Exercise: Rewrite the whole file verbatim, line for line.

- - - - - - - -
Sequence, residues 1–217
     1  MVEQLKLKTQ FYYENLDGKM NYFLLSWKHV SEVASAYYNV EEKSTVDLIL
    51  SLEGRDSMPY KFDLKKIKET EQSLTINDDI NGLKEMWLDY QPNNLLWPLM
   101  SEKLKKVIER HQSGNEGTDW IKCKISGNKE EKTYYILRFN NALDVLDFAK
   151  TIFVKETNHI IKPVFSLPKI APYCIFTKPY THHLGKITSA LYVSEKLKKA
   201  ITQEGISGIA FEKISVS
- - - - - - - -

Sequence, residues 1–217
     1  MVEQLKLKTQ FYYENLDGKM NYFLLSWKHV SEVASAYYNV EEKSTVDLIL
    51  SLEGRDSMPY KFDLKKIKET EQSLTINDDI NGLKEMWLDY QPNNLLWPLM
   101  SEKLKKVIER HQSGNEGTDW IKCKISGNKE EKTYYILRFN NALDVLDFAK
   151  TIFVKETNHI IKPVFSLPKI APYCIFTKPY THHLGKITSA LYVSEKLKKA
   201  ITQEGISGIA FEKISVS